I had allocated a small slice of my attention span to keeping tabs on the TechCrunch Disrupt startup battlefield earlier this week. I was wowed by UJAM, and thought they would surely come away with first place.
The judges instead chose Soluto, a company that sells “anti-frustration” software for Windows owners.
Curiousity got the better of me, and I downloaded Soluto onto my aging Dell Dimension Tower to see what got the judges excited.
Disclosure: I recently purchased an Apple MacBook Pro because my long standing aggravation with Windows had reached a breaking point. I had made a vow to not spend another dollar on upgrading my Microsoft-Dell productivity killer.
Soluto is a slickly designed utility that analyzes your bootup sequence— I had initially 47 apps in mine—and visually explains what processes are needed and what can be removed.
Bottom line: After letting Soluto tame my unruly Windows bootup, I’m willing to spend more quality time with Windows XP.
Yes, I admit to be a little lax about my Windows housekeeping, and over the years I accumulated enough layers of debris to cause the bootup delay to pass the 1 minute 40 second mark (according to Soluto).
What makes Soluto different from the shareware freebies I’ve tried in the past to analyze my running processes is its truly friendly and graphically beautiful (for this genre of products) interface.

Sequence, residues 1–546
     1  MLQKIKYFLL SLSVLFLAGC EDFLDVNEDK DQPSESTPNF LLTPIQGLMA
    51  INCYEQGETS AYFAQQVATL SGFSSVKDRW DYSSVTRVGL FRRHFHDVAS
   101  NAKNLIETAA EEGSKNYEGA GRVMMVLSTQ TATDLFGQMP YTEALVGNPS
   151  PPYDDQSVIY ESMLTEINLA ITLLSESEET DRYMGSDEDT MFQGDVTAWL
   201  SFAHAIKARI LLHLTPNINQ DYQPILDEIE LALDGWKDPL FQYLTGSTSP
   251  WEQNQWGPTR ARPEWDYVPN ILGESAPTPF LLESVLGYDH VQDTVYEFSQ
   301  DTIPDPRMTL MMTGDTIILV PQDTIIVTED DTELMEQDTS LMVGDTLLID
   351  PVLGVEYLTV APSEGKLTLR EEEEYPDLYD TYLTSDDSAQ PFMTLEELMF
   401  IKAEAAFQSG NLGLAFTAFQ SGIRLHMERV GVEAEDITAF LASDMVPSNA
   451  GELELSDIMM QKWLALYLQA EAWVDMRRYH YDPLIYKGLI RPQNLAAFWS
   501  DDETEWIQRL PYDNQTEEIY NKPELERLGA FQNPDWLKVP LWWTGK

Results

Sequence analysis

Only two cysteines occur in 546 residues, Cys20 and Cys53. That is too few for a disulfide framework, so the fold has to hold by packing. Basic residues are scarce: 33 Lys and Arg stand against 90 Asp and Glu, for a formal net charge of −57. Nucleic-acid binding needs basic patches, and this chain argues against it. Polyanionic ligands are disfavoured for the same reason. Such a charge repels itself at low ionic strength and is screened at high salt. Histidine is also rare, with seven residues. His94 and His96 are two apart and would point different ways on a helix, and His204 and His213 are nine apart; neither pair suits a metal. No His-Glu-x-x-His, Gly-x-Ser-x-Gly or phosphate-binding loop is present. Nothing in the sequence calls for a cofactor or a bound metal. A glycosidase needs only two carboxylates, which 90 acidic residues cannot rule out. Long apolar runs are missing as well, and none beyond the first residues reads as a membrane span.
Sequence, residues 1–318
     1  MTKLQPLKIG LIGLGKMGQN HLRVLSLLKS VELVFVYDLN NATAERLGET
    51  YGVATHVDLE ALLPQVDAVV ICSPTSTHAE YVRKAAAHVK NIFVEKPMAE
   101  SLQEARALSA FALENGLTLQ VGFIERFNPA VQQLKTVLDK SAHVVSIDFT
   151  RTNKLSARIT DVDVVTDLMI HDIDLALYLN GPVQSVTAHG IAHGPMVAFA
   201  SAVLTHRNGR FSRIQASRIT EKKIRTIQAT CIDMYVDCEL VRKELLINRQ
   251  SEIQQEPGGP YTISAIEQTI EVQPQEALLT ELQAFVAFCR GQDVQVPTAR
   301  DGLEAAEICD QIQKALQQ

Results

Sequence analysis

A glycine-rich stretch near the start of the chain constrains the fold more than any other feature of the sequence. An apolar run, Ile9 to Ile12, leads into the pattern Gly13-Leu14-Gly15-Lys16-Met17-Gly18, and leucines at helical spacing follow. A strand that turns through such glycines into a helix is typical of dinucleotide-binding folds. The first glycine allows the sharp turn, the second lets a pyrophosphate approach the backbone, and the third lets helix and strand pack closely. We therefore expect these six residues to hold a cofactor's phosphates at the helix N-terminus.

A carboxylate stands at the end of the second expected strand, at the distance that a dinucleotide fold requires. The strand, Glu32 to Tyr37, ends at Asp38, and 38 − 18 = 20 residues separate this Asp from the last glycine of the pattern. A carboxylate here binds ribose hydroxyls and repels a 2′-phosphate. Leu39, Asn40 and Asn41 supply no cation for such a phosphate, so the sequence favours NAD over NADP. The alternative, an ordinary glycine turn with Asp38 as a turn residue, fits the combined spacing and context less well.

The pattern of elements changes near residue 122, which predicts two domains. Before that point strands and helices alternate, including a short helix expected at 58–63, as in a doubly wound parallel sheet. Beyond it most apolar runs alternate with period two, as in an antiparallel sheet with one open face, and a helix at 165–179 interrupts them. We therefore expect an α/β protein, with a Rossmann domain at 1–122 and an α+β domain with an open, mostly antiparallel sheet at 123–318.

I was quickly able to see what apps could be removed from my startup list, and what were potentially removable. Soluto let you either delay the process launch until the PC is idle, or “pause” it and then manually launch . In either case, by taking it off the launch-at-start list, you’ve shaved time off the delay in getting Windows up and running.
In my mind, here are the key differentiators that make this product worthwhile. Soluto displays information on your apps as three graphical bands (removable, potentially removable, and not removable) that effortlessly expand and contact as you click away. (You won’t find this kind of artistry in shareware land.) One important data point is provided by the crowd: Soluto reports back what others have decided to do with a particular process—i.e., delay or pause.
Presumably the process specific information along with the crowdsourced data is queried from Soluto’s own internal databases. Warning: Soluto’s initial analysis phase of the registry can take awhile—roughly 30 minutes in my case.
So far it is offering a freemium model: basic is free, and an automatic, fee-based version of Soluto will run in the background, fixing things as needed.
Like many others, I’m not planning on getting rid of my own Wintel desktop anytime soon—I still have important apps that are stuck there.
Soluto helps with my dilemma by giving me and millions of other users some control over the Windows beast.